Best known for her award-winning photography of Tibet and its culture in exile, Alison Wright has traveled the world for more than two decades as a photojournalist. Throughout her career, she has dedicated herself to portraying the lives of the developing world’s children. The stunning photographs and inspirational stories in Faces of Hope demonstrate that even amid economic and political struggle, hope begins with just one child.
From tribal herders in Africa, to young reincarnated Buddhist lamas, to shamans-in-training in the Amazon jungle, Wright reveals a colorful mosaic of children striving to merge their traditional cultures with the influences of rapid globalization. She captures not only their resilience and tenacity, but also the simple joy they find in play, in family, and in the changing world around them.
Here, Wright presents her finest photographs, spanning Africa, Latin America, the Middle East, and Asia. In enthralling captions, she relates her personal encounters with the children, vividly detailing their cultures and daily lives. Faces of Hope celebrates the spirit of these children, their heritage, and, most of all, the promise they hold––for their communities, their countries, and for all our futures.
“The beautiful photographs of children’s bright faces here remind me that the future of our world lies in their hands, which in turn prompts the question, ‘How can we help them?’ Often we pay attention only to providing them with or improving the physical facilities for health, education, employment, and so on. And yet, what I feel is equally important is that as parents and guardians of children we should demonstrate and teach the real worth of basic moral values such as love, compassion, and universal responsibility in our own behavior and way of life. Similarly, our schools, colleges, and other such institutions have a duty to inculcate basic standards of behavior, such as altruism and honesty, in children’s minds from primary school to university level. If children are to set a good example, they should be encouraged and inspired to follow it. Then the hope we place in them will be well founded.”
– H.H. The Dalai Lama
His Holiness the 14th Dalai Lama, Tenzin Gyatso, has captured the world’s heart with his extraordinary wisdom and humility in the face of China’s brutal decades-long occupation of Tibet. This dynamic collection includes impressionistic essays about the Tibetan leader by Diki Tsering, his mother; China scholar and journalist Orville Schell; and travel writer Pico Iyer; as well as an interview with His Holiness by famed monologist Spalding Gray. A stunning visual biography that marries full-color images with insightful essays. A Simple Monk is published in cooperation with New York’s Tibet House, which will receive a portion of the proceeds. Award-winning photojournalist Alison Wright, who lived with exiled Tibetans for over a decade, was afforded exceptional access to the government-in-exile for this book.
This “visual biography” of His Holiness the Fourteenth Dalai Lama blends gorgeous photography with text that is surprisingly sharp. While chronicling the experiences of the Tibetan community in exile, Wright relies heavily on vibrant colors such as red, orange and monastic saffron to bring these images to life. She offers illuminating portraits of the Dalai Lama himself, as well as cinema verité-style photographs of ordinary Tibetans at play and worship. Mercifully, she omits hackneyed images of His Holiness posing with this or that Hollywood celebrity.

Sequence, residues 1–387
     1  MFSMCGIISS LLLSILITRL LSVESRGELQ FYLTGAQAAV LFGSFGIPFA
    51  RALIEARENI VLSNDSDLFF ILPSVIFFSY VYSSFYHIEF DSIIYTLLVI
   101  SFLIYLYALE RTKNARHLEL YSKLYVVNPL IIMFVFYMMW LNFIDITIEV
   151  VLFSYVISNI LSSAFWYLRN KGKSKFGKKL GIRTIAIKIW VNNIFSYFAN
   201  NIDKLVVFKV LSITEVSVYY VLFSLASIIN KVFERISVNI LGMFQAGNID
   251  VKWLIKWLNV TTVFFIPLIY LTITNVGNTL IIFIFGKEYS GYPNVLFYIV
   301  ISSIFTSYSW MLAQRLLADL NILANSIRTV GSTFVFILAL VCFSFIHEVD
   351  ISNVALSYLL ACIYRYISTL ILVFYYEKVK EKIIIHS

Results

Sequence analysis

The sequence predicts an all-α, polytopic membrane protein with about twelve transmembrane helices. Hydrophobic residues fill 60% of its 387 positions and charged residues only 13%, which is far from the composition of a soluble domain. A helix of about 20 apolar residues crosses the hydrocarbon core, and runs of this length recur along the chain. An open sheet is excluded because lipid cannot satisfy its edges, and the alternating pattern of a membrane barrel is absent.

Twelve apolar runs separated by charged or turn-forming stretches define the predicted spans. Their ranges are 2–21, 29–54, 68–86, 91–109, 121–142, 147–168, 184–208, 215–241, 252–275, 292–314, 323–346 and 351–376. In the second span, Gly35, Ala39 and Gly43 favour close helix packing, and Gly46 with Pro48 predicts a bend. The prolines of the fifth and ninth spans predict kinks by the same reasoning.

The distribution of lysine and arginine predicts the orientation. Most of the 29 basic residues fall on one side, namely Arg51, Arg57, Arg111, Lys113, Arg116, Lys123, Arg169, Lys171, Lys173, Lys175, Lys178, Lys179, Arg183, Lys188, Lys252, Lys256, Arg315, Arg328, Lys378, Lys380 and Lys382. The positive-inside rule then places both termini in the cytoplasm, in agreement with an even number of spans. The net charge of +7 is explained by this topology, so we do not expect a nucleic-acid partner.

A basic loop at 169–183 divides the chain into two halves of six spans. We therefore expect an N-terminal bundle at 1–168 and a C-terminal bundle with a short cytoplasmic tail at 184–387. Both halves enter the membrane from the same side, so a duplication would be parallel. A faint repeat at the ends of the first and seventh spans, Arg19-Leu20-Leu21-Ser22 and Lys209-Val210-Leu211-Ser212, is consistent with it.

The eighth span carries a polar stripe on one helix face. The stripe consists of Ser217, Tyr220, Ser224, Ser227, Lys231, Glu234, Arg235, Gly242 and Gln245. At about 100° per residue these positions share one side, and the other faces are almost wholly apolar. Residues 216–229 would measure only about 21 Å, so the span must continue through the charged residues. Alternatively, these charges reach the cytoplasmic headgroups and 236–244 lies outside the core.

This restrained attitude toward the Buddha-loving glitterati is wittily reinforced in Orville Schell’s essay, “Searching for the Dalai Lama: Dispirited Stars Find Absolution in Buddhism.” Schell discusses Richard Gere’s two decades as a Buddhist practitioner and then gives the slip to other stars such as Steven Seagal, who apparently sees Buddhism as just another vehicle for selfaggrandizement. As a whole, the book demonstrates a refreshing lack of awe for His Holiness, although it is always deeply respectful. An early chapter from Diki Tsering’s book Dalai Lama, “My Son,” presents a mother’s surprisingly matter-of-fact, unsentimental reminiscences of the Tibetan leader’s infancy and boyhood, while Columbia University professor Robert Thurman takes the Dalai Lama’s mission into the next age with “Hope for the Third Millennium,” excerpted from his Inner Revolution.
For coffee-table fare, this is intelligent stuff. Stunning full-color photography and well-chosen text make this 10″ book stand out among the many titles about the Dalai Lama. Advertising in Buddhist and New Age publications should help move the book’s 50,000-copy print run. It is a main selection of the One Spirit Book Club.
– Publisher’s Weekly
foreword by H.H. the Dalai Lama
This visually compelling, full-color portrait of Tibetan life in exile displays the spirit of Tibetan refugees living in the beautiful mountain settings of northern India and shows how they have preserved the best of their unique culture and identity.
“This stunning book of color photographs by photojournalist Wright of Tibetans living in exile in Northern India captures the variety of daily experience, from images of monks and laypeople at work or prayer to a portrait of a young nun who had been tortured in Tibet before her escape. ”
– Library Journal
Available online from Snowlion Publications